Q:  To what degree is the threat of radical nationalism real?

A:  In Uzhhorod and the surrounding area the Roma are not feeling Ukrainian nationalism firsthand, ethnic pogroms are not occurring, there are no attacks in the form of neo-Nazi groups throwing Molotov cocktails as we know them, for example, from the Czech Republic or Hungary. Right now Ukrainian nationalism has its archenemy in the Russians, but naturally the question is who will be next. In Galicia, in the Lviv area, where I have also done field research, the threat of radical nationalism is real for the Roma. During WWII, Romani people were murdered en masse there by members of the Ukrainian Insurgent Army, the so-called "Banderites", and the descendants of those who survived that massacre have kept that experience alive in their ancestral memory. Today it is customary to see larger-than-life statues of Bandera in Galicia, main avenues named for him, nationalist signs on the walls, and nationalist Ukrainians very often let the Roma known they are unwanted there. In the Lviv area the Roma encounter nationalism, but in Transcarpathia it is not as noticeable, at least not now. I personally perceive nationalism to be an enormous threat, not just in Ukraine, but in Hungary and Slovakia too, the ultra-right is on the rise everywhere and I am greatly concerned about it.      

Q:  Is it true that many Romani people from Transcarpathia are doing their best to leave Ukraine given the critical social situation there?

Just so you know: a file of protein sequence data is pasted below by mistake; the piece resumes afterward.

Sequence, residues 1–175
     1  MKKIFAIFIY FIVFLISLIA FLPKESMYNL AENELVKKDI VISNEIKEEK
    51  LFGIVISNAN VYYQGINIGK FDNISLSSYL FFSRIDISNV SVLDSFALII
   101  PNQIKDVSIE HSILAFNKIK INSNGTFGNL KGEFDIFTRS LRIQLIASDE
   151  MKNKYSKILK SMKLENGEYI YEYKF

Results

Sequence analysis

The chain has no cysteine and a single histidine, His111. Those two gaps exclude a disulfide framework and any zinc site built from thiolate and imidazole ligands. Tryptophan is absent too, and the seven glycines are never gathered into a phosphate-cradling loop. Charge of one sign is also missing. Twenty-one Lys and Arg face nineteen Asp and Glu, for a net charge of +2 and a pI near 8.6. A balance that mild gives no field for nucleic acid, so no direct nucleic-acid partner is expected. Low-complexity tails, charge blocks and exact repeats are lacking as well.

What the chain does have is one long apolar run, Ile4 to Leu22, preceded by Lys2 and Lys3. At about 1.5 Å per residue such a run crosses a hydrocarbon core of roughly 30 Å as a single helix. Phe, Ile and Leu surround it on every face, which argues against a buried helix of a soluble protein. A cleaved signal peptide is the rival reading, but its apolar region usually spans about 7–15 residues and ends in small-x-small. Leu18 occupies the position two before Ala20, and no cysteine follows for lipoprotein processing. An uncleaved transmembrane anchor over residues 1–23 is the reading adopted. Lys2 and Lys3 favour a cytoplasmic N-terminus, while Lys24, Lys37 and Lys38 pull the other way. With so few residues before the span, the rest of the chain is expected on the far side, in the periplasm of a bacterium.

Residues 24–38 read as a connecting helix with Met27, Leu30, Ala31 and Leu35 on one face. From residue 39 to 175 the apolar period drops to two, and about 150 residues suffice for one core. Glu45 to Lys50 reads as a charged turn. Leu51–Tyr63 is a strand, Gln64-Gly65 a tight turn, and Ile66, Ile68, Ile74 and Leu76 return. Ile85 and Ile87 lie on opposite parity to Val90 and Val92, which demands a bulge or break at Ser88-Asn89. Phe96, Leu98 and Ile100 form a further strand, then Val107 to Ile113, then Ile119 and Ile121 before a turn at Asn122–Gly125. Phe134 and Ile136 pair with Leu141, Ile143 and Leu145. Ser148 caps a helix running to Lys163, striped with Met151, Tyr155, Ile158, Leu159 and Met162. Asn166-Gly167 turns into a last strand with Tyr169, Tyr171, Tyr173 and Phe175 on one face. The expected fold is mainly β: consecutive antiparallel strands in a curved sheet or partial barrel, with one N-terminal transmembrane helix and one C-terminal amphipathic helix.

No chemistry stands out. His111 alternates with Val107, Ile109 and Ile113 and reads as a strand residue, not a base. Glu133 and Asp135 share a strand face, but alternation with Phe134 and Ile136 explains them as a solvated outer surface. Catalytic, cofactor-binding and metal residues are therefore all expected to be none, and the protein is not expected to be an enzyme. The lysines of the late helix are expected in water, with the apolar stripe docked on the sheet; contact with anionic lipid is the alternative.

A:  That is actually going on right now, particularly in the context of Hungary's decision to give passports to ethnic Hungarians living on the territory of what they call "Greater Hungary". Reportedly more than 90 000 Hungarian passports have been given to people in Transcarpathian Ukraine. This has begun to be extremely popular among Romani people there, all the more so because most of them actually do use the Hungarian language as their native language. All they have to do is go to the Hungarian Consulate, bring their documents with them showing where their grandparents and parents were born, complete an interview with an official, and they get a passport they can use to travel freely to EU countries, while with a Ukrainian passport they would have to get a visa. When you talk with Roma there, they will tell you that most of them, if they could, would leave Ukraine. At the moment it is because they are afraid there will be a mobilization, that they will be sent to war. Most Roma emigrating from Transcarpathia go to Great Britain. They can only do that thanks to their Hungarian passports.

Ondřej Mrázek, translated by Gwendolyn Albert